U.S. corn  conditions improved slightly last week as the main Corn Belt continued to receive plenty of moisture, while soybean  conditions deteriorated modestly due to the impact of excessive rains in some areas.
USDA  rated the U.S. corn crop 77% good/excellent as of Sunday, up from 76% a week earlier and 70% a year earlier, while pegging soybean conditions at 73% good/excellent, down from last week’s rating of 75%, but up from the year-earlier rating of 66%.
U.S. soybean planting progress was pegged at 91%, one percentage point ahead of the five-year average and soybean emergence was estimated at 80%, also one point ahead of the average pace.
Corn conditions in the top-producing state of Iowa were rated 76% good/excellent, down only 2 percentage points from a week earlier, while Iowa soybean conditions were rated 73% good/excellent, also down 2 points from the previous rating..
However, the Iowa office of the National Agricultural Statistics Service  (NASS) warned that many cornfields need an opportunity to absorb excess rain. “Corn has been characterized as turning yellow in wet areas, while dark green and reaching heights of 58 in. in other localities,” NASS said in its weekly update.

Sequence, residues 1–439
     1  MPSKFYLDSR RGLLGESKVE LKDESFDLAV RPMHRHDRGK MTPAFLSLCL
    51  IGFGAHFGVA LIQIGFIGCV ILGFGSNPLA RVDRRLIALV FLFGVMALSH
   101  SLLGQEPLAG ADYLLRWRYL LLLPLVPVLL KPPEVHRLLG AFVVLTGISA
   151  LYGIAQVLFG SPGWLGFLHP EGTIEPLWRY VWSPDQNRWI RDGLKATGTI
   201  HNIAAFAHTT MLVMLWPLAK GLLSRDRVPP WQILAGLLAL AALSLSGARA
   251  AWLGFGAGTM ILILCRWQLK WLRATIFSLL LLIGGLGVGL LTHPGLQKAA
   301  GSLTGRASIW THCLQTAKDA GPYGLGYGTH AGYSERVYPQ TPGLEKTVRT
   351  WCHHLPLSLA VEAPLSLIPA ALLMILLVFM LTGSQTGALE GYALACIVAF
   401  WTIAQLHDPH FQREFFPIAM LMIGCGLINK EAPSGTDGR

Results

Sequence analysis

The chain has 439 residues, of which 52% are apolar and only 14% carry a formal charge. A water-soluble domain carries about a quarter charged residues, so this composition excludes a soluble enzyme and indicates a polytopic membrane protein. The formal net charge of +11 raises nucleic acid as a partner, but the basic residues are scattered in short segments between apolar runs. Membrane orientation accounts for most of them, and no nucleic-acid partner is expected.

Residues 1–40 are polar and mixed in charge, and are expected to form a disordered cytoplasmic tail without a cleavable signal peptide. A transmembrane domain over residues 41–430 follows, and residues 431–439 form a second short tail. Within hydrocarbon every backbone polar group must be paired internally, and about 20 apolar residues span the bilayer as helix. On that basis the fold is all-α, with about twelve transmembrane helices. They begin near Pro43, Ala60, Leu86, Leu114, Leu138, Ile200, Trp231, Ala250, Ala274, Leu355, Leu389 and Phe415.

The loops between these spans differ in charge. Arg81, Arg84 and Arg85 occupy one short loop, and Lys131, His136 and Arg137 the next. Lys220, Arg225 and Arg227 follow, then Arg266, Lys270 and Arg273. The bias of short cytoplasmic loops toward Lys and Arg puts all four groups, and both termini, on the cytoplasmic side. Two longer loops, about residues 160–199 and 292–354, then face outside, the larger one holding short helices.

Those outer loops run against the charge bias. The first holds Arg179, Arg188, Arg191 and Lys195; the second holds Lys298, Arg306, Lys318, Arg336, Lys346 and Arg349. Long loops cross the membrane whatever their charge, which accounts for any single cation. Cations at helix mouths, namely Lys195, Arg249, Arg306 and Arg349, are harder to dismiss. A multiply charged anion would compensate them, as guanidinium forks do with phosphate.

Heavy rains in short periods of time last week have led to erosion in Iowa, especially in fields that were tilled. Cropland with poor drainage or in low-lying areas is underwater.
While Iowa soybeans are emerging nicely, they are becoming highly concentrated with weeds, NASS said.
Nebraska is also dealing with problems due to excessive rains. The state office of NASS noted in its weekly report that heavy rains caused low land flooding in parts of central and northeast Nebraska.
Rainfall totals of 5-6 in. were common for the week in Nebraska’s central and northeastern counties, with extremes of more than 10 in. in a few locations.
In Illinois, the corn crop was rated 72% good/excellent as of Sunday, down from 73% a week earlier as some areas also continued to feel the impact of excessive rainfall.
Illinois crop development remained ahead of normal, however, with the average height of the state’s corn plants estimated at 28 in., compared with only 10 in. a year ago and a five-year average of 19 in.
Illinois soybean conditions improved to 68% good/excellent from 65% a week earlier.
Minnesota remains the garden spot of the Midwest. The Minnesota corn crop rating rose to 94% good/excellent as of Sunday, up from 92% a week earlier. The state’s soybean crop rating was down 1 point, but remained extremely strong at 93% good/excellent.
Editor’s note: Richard Brock, Corn & Soybean Digest's marketing editor, is president of Brock Associates, a farm market advisory firm, and publisher of The Brock Report.